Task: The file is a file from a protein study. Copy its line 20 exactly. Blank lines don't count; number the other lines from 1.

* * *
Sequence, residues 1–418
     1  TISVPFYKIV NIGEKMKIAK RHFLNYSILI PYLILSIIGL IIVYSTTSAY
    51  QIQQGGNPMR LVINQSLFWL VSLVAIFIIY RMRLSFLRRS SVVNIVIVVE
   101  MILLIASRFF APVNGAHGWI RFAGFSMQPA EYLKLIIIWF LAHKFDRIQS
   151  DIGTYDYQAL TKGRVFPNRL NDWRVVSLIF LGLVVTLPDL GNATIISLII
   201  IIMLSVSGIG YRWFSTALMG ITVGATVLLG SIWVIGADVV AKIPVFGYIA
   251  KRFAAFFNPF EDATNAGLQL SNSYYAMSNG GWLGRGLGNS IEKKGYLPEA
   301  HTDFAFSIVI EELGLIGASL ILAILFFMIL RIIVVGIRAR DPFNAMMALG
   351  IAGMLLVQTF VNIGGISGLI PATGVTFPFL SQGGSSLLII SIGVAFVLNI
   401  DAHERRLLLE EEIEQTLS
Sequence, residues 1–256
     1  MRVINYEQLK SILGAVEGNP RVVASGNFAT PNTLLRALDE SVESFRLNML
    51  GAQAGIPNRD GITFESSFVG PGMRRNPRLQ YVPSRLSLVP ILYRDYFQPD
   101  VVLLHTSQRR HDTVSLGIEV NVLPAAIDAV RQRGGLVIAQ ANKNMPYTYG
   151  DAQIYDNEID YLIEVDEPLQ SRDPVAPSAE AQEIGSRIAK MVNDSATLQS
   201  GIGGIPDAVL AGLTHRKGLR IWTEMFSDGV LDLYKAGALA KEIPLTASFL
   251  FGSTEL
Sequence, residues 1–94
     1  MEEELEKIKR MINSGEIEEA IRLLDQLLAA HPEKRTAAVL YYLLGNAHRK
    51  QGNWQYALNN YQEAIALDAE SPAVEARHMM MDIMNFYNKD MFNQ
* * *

    51  QGNWQYALNN YQEAIALDAE SPAVEARHMM MDIMNFYNKD MFNQ